Mike Myers, a student of Del Close who had been set to play the late Chicago improv guru in a movie, has dropped out of the project.
“Now we’re looking at finding the right Del,” Second City owner Andrew Alexander, an executive producer of the film, said Saturday before a roast of George Wendt at the theater.
Betty Thomas, “Del’s” director and another Second City alum who trained under Close, also participated in the roast and said beforehand that she’s in talks with an unidentified major star to take over the role.
“They love it and they want to do it,” she said, “and that’s all I can say.”
Myers, star of the “Wayne’s World,” “Austin Powers” and “Shrek” movies, has been appearing on ABC this summer as host of the “The Gong Show” in the persona of a British comedian named Tommy Maitland.
One star discussed over the years as a candidate to play Close is Bill Murray, another Close student and admirer. The late Harold Ramis, Murray’s “Caddyshack” and “Groundhog Day” director, had looked into making a Close movie and concluded, “I think Bill is the only one who I can imagine playing Del.”
“Del” will depict Close through the eyes of an aspiring Chicago improviser he takes under his wing. The young protege will be played by Alex Sharp, an English actor who won a Tony Award for playing an autistic teenager in Broadway’s “The Curious Case of the Dog in the Night-Time.”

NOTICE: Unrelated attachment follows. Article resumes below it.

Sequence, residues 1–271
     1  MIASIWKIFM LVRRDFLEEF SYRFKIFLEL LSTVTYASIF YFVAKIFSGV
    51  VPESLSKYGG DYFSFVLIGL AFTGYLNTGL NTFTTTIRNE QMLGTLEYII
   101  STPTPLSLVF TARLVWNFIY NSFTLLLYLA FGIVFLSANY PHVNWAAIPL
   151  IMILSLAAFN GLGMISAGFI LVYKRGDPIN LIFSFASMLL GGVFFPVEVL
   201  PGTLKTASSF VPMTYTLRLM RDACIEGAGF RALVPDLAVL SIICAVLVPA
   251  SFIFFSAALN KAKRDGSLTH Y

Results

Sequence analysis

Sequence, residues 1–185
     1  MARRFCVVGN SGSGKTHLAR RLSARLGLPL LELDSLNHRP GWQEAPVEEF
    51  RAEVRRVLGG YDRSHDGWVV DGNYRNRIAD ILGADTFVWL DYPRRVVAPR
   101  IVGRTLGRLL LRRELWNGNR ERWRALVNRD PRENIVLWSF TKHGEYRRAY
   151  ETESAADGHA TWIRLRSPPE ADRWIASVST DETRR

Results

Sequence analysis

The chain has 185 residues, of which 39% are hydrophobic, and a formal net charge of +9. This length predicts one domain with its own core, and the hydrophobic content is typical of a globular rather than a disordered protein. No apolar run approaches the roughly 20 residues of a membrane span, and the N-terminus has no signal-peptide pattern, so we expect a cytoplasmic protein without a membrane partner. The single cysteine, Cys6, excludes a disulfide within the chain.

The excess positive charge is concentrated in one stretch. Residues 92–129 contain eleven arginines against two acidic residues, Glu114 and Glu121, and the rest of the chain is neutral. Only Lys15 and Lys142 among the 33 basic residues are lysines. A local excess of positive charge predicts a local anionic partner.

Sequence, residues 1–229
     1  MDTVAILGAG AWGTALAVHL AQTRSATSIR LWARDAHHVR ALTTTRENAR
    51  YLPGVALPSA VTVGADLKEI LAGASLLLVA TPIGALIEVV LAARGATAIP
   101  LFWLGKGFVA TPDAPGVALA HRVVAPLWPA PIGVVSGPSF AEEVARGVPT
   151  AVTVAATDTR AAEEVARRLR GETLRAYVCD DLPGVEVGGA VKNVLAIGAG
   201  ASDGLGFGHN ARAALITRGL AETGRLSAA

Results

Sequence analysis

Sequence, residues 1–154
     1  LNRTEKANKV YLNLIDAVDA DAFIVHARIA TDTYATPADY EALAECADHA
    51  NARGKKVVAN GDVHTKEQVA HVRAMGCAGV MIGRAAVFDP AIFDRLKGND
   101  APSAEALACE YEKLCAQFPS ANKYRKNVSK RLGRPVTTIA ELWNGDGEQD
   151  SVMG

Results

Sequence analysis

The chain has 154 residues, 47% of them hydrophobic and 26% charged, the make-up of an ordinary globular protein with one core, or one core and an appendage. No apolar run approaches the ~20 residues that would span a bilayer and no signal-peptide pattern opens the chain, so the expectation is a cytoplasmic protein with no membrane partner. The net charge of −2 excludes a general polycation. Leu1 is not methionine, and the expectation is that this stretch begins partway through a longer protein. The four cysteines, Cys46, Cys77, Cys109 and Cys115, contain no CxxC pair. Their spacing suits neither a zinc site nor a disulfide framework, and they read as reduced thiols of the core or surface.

“I made him do an entire audition in, not in a Chicago accent, but the kid he’s playing is from the Midwest,” Thomas said. “I made him do it, and he did it.”
The screenplay by Nick Torokvei is based on the book “Guru,” written by Chicago actor and director Jeff Griggs about the months he spent driving Close on errands and learning of his history and his world view.
Alexander said he hopes for some or all of the film to be shot in Chicago.
Close, considered one of the fathers of Chicago (and all things) improv, mentored a bevy of today’s most successful comedians (and “Saturday Night Live” alumni) including Tina Fey, Dan Aykroyd and the late John Belushi and Chris Farley. At first an actor and director at Second City, he later became the key creative voice at ImprovOlympic (now iO) until his death in 1999.
Close’s longtime artistic partner, iO co-founder Charna Halpern, is pursuing production of a rival script she wrote that covers a wider swath of Close’s life than the brief period focused on in “Del.”